Dick Dale — a Guitar Player Certified Legend Award honoree and the inventor of surf guitar — has been blowing people's minds with his tonal onslaughts and fierce stage shows since 1955. But the celebration of his 60 years in the music business is fraught with serious health difficulties that would keep a lesser mortal bedridden, rather than embarking on a 25-city U.S. tour. As a result, there's a reason for the trek that goes beyond bringing his loud, raucous, and joyful music to fans.
“I have to raise $3,000 every month to pay for the medical supplies I need to stay alive,” Dale said to Pittsburgh City Paper reporter Charlie Deitch. “I can’t stop touring, because I will die. Physically and literally, I will die.”
Dale, 78, is a two-time rectal cancer survivor, and he is currently battling renal failure and diabetes. His wife, Lana, told GP that much of Dale's present challenges are a result of his past chemotherapy treatments and the colostomy supplies he needs after parts of his stomach and intestines had to be removed.
"They put the bag on his side so he can still play guitar," says "Mrs. Dick Dale," as she likes to be called. "But we found that the Stoma patch needs to be changed at least daily — rather than every six or seven days — so we are using more supplies than health insurance allows."
Dale himself put it more bluntly in his Pittsburgh City Paper interview: “The hospital says change your patch once a week. No! If you don’t change that patch two times a day, the fecal matter eats through your flesh and causes the nerves to rot and they turn black, and the pain is so excruciating that you can’t let anything touch it.”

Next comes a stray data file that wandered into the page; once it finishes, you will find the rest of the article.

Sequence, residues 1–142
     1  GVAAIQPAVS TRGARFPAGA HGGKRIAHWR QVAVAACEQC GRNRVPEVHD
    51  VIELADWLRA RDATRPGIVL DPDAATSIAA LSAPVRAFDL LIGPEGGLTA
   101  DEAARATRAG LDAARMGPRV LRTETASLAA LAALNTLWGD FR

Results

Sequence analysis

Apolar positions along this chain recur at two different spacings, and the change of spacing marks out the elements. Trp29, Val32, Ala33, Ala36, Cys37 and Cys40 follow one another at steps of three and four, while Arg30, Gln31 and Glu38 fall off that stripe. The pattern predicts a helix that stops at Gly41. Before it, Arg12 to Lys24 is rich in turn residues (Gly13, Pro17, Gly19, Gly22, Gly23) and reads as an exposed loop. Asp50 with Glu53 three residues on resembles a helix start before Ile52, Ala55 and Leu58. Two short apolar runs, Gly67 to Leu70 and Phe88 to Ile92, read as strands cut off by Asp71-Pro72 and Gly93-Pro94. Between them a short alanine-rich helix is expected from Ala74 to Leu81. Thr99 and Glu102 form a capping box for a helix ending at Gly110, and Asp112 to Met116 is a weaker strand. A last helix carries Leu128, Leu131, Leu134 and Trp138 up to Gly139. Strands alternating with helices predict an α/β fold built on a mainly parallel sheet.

In addition to the hopeful tour revenue, the Dales are also selling his 62' yacht through his website. It's not specifically stated that the sale is to deal with medical costs, but you can read between the lines here.
When the story first broke today, former GP marketing director Christen McFarland — who now works for the Grammys — asked to be put in touch with Dale's team so that MusiCares (the charitable arm of the Grammys that helps musicians in need) could possibly offer assistance. Fingers are crossed that some relief can be sent his way.
"We really appreciate all the press and media outreach," says Mrs. Dale (who suffers from multiple sclerosis, and is one tough lady herself). "Dick is my life, of course, but he is so important to guitar players and the guitar and music in general. We're so grateful for all the concern and care."
During Guitar Player's long relationship with Dale, he has proven himself to be not just a master of the guitar, but also a caring yet brutally honest person with a signature toughness and ferocity. Watch the video below from earlier this year, and tell me if you see evidence of a sick and pain-wracked performer two years away from his 80th birthday?
Dick Dale is a national treasure. Let's wish him well and hope for better days ahead, health-wise.
"When I go on stage, I’m in pain every night," Dale told the Pittsburgh City Paper, "but through the martial arts, I’ve learned to guide and deal with pain. I play harder now than I ever have. When I go on stage, I swear at the pain, 'Get out of my damn body—I’ve got to do a job!' I intend to go out onstage in an explosion of body parts."
Dick Dale & Stevie Ray Vaughan "Pipelining" for the 1987 film Back to the Beach
The 78-Year-Old Rocking Like a Maniac in April 2015